Russia did not intend to "send a message" to Washington when it withdrew troops from the border with Ukraine. Negotiations within Ukraine are more important for Moscow at the moment, than the views of the Obama administration, Russian Prime Minister Dmitry Medvedev said.
"It was not a signal to Washington. It was an internal decision of the Russian Federation. It can be interpreted in many way, but it was not a signal at all," Medvedev said in an interview with CNBC.
Dmitry Medvedev stressed out that one should not interpret every action of Moscow as a signal to Washington. "We do not want anything from President Obama. It is only the American people who may want something from President Obama. It is the American people, who elected President Obama, not the Russian people. He is responsible to the American people, rather than to Russian leaders or the Russian people," he said.
According to Medvedev, one should distinguish between political phraseology and real life. "Real life comprises the following: we are deeply concerned about what has been happening in Ukraine. We would like the civil war that was unleashed after the coup in the beginning of this year to end, so that Ukraine could develop quietly and steadily," said the head of the Russian government.
Resetting the US-Russian relations is impossible at the moment, Medvedev said, even if the West lifts sanctions against Russia in the near future. "After some time, the sanctions will evaporate, but the fact that they have caused damage to our relations will remain, there's no doubt about that," he said.
The Prime Minister admitted he was "very sad" about the fact that President Barack Obama, speaking at the United Nations, put Russia on the list of global threats between Ebola fever and the Islamic State. "I do not even want to comment on that, this is sad, this is some kind of aberration in the brain. What can be said about resetting the relations in such a context?" Medvedev asked.
"We need to paddle away from all that and return to a normal position, before we can discuss how we could develop our relations in the future," said the head of the Russian government. Medvedev stressed out that Russia was not closing its doors to anyone. "We want to communicate constructively and amicably with all civilized nations, but one needs to even out the situation first."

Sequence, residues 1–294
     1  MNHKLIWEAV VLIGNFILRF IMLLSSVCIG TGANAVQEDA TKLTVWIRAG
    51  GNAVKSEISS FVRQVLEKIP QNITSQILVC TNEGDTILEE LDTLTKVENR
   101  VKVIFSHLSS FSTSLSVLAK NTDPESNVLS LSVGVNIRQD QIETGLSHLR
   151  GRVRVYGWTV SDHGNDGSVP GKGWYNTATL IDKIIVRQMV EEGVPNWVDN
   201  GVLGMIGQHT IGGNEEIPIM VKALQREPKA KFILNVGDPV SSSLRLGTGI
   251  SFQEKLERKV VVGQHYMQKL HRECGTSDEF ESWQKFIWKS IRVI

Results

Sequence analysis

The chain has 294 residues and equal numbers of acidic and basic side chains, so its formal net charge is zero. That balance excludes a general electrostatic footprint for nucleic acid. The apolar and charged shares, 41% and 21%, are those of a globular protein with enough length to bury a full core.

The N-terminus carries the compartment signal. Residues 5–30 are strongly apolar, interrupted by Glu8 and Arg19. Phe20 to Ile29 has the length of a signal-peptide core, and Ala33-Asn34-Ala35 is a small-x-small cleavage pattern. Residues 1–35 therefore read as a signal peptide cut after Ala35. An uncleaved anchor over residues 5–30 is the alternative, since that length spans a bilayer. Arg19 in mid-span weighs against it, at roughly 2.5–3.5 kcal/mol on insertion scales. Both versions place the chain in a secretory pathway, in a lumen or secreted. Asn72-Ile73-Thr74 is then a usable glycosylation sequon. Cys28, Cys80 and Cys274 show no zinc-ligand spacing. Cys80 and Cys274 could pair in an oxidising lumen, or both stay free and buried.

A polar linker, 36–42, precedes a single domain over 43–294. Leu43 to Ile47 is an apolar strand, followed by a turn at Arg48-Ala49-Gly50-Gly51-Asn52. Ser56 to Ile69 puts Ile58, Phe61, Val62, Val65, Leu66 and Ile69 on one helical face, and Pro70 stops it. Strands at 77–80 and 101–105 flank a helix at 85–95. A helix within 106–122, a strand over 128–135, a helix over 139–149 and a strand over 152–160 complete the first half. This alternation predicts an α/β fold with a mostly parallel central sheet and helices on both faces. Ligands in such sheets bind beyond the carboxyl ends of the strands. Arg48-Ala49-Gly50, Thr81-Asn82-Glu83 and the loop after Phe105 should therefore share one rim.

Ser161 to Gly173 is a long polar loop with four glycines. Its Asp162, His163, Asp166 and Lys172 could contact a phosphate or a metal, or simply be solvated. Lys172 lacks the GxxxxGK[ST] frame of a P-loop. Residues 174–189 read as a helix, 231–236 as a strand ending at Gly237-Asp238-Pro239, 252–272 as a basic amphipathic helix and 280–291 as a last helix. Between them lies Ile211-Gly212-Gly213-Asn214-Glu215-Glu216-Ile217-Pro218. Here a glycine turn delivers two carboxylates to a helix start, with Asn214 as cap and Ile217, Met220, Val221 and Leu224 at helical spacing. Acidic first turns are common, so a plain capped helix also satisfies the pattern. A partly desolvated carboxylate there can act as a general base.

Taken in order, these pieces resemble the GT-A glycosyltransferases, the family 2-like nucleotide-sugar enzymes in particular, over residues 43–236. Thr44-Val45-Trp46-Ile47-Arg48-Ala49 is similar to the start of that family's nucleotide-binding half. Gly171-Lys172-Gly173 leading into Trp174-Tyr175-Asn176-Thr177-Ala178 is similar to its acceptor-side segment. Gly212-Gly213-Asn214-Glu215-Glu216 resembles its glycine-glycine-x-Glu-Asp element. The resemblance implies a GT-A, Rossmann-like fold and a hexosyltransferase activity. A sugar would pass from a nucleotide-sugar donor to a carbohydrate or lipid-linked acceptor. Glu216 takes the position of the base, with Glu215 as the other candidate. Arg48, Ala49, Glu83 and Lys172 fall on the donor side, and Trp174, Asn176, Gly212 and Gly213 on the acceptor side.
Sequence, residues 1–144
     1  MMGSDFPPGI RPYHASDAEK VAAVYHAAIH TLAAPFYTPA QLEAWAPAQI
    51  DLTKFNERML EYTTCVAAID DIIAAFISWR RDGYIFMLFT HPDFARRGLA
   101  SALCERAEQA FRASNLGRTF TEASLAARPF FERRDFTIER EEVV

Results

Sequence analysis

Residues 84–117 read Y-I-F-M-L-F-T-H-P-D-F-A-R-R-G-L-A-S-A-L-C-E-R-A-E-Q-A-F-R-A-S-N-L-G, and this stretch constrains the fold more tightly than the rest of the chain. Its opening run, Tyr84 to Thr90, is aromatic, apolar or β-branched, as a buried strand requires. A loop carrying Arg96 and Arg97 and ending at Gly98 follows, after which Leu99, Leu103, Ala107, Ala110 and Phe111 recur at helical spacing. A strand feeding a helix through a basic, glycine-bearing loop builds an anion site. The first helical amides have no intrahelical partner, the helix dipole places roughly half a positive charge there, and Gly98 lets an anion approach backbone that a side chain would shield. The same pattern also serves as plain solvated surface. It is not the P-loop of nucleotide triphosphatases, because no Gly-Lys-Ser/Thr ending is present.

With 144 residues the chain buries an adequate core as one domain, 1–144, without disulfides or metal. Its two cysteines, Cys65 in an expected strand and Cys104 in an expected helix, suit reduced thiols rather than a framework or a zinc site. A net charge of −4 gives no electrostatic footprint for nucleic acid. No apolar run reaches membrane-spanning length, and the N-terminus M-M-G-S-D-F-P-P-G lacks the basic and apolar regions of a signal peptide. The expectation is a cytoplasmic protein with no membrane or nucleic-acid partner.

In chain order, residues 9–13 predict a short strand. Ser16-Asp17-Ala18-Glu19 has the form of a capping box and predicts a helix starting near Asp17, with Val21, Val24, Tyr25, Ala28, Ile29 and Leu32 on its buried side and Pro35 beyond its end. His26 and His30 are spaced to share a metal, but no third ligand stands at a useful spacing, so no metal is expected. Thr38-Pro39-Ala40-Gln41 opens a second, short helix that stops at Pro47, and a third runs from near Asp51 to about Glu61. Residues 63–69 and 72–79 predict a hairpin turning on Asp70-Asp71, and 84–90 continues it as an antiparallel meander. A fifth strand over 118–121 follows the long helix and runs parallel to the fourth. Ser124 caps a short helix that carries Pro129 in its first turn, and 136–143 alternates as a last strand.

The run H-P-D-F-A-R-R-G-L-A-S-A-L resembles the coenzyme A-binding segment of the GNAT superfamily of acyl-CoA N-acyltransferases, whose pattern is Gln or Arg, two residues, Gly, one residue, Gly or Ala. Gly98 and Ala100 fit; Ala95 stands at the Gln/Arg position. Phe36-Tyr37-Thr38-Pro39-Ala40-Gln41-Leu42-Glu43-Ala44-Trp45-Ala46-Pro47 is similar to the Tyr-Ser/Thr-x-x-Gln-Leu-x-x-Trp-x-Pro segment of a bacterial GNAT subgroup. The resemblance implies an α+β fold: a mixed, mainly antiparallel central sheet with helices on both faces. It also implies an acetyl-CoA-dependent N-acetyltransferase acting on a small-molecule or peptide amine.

The Russian prime minister also said that Ukraine was fully responsible for the tragedy with the Malaysian Boeing, as the country is responsible for "all flight accidents that occur in its airspace." According to him, Kiev should have changed flight maps. "They did not do it, and this is a grave offense in terms of international aviation law," said Medvedev.
Medvedev strongly dismissed all accusations against Russia in this respect. "I do not know what happened, I say it again: this is a question to experts. I only want to say that this is a disastrous, terrible accident, a tragedy. But it is up to experts to conduct the investigation and hearings. No one has the right to blame any party for that. Russia has nothing to do with it," he said.
During the interview, Dmitry Medvedev promised that his Australian counterpart Tony Abbott would have a "robust conversation" with Russian President and judoist Vladimir Putin.
Abbott told reporters this week that during the G20 summit in Australia, he would shirt-front Putin. Later, the Australian leader explained that his words should not be taken literally.
"If he likes to use sports terms in his speech, he is welcome. Mr. Putin is a very advanced man when it comes to sports, and I think that they could have a very powerful discussion. But generally, any serious politician should be careful about what he says," said Medvedev.
The choice of the city of Helsinki is not incidental as the capital of Finland had hosted US-Soviet negotiations on the limitation of nuclear stockpiles in 1969